Receive free EU immigration updates
We’ll send you a myFT Daily Digest email rounding up the latest EU immigration news every morning.
German chancellor Olaf Scholz has waded into Poland’s cash-for-visas scandal, demanding an investigation into allegations that Warsaw turned a blind eye to officials operating the scheme and threatening to restore border controls to stop the flow of undocumented migrants from Poland.
Speaking at an election rally in the southern city of Nuremberg on Saturday, he accused Warsaw of “waving through” refugees, allowing them to pass into Germany instead of processing their asylum applications in Poland.
Poland’s centre-right Civic Platform has accused the ruling Law and Justice party (PiS) of tolerating a corruption scheme that illegally sold Polish visas at consulates around the world, despite trumpeting tough anti-immigration measures at home.
The government has acknowledged that hundreds of visas were sold illegally, but argued that the numbers were much lower than those claimed by the opposition. Poland’s public prosecutors have charged seven people with corruption, three of whom have been detained.
The visa scandal comes at a time when Scholz’s coalition government is under mounting pressure to tackle the problem of irregular immigration into Germany.
German authorities recorded more than 204,000 asylum applications up to the end of August this year, an increase of 77 per cent on last year. That is on top of the 1.1mn Ukrainian refugees who have found a haven in Germany since Russia launched its invasion 19 months ago.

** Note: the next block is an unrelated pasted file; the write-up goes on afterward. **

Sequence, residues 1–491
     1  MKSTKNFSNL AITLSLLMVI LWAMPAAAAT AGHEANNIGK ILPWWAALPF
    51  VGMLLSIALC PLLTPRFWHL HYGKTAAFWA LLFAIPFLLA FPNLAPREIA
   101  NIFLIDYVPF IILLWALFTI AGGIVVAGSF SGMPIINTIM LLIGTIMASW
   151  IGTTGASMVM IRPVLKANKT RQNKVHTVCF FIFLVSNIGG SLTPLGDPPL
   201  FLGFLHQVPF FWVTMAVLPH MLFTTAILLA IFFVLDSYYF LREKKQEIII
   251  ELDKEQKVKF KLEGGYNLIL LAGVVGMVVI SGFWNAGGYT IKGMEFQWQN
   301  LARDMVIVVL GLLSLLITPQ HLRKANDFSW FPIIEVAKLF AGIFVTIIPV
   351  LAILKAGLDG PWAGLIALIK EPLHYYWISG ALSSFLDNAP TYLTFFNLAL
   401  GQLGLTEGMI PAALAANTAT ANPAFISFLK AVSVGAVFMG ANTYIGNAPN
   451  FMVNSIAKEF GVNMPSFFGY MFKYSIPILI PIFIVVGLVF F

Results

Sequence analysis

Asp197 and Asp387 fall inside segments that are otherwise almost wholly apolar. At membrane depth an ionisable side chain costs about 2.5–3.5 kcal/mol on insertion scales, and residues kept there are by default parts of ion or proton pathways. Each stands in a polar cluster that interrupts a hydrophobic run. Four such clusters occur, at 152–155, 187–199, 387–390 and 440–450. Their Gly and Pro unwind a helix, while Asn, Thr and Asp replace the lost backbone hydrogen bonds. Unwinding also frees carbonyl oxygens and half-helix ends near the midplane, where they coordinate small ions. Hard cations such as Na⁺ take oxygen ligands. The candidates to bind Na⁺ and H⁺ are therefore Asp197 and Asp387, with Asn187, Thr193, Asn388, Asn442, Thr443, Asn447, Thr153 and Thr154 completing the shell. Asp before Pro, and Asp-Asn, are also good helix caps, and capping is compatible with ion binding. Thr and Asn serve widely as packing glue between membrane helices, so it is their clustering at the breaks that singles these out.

However, there is also huge reluctance in Berlin to take measures that undermine freedom of movement in the EU. Germany worries about a repeat of scenes during the early days of the Covid-19 pandemic when border controls led to huge queues of lorries on the German-Polish frontier.
At the Nuremberg event on Saturday, Scholz acknowledged that migrant numbers had “dramatically increased”. But he indirectly blamed Poland for the rise.
“I don’t want [people] just to be waved through from Poland and then afterwards we have a discussion about our asylum policy,” he said. Refugees arriving in Poland “should be registered there and undergo an asylum procedure there”. Visas that were being issued for cash “only make the problem worse”, he said.
Scholz said Germany would continue to uphold the right to asylum, which is anchored in its postwar constitution. But he said the authorities might need to “resort to additional measures”, for example on the German-Polish border.
The chancellor did not specify what these were. But asked by the Welt am Sonntag newspaper if she was weighing introducing stationary border controls on Germany’s frontiers with Poland and the Czech Republic, interior minister Nancy Faeser said that was an “option” that would help to “step up the fight against human trafficking”.
However, she added that “one shouldn’t suggest that no more asylum-seekers will come as soon as there are stationary border controls”.
Scholz’s intervention in the visa scandal follows earlier reports in Polish media that German local and regional authorities had already complained to the European Commission about a large inflow of people using Schengen visas issued by Poland.
Asked whether Brussels received such German complaints, the commission refused to comment.
Anitta Hipper, commission spokesperson for home affairs, called the visa fraud allegations “very concerning” and said her commissioner Ylva Johansson wrote to the Polish authorities on September 19 to ask for clarifications.
Poland granted 967,345 so-called first residence permits in 2021, which was one-third of the EU’s total issuance, according to statistics agency Eurostat. These visas give residence to the applicant in the country that issues them, but they also allow free travel to Germany and other European nations that are part of the Schengen open-border agreement.
Foreign minister Zbigniew Rau said this month that there were only about 200 cases of possible fraud. He also contested the claim that Poland was an outlier in EU issuance of visas.
Poland is yet to send its official data for 2022 to Brussels, but Rau said the numbers showed Poland issued last year a proportionate number of Schengen visas, amounting to two visas per thousand inhabitants, compared with 20 for France and 10 for Germany.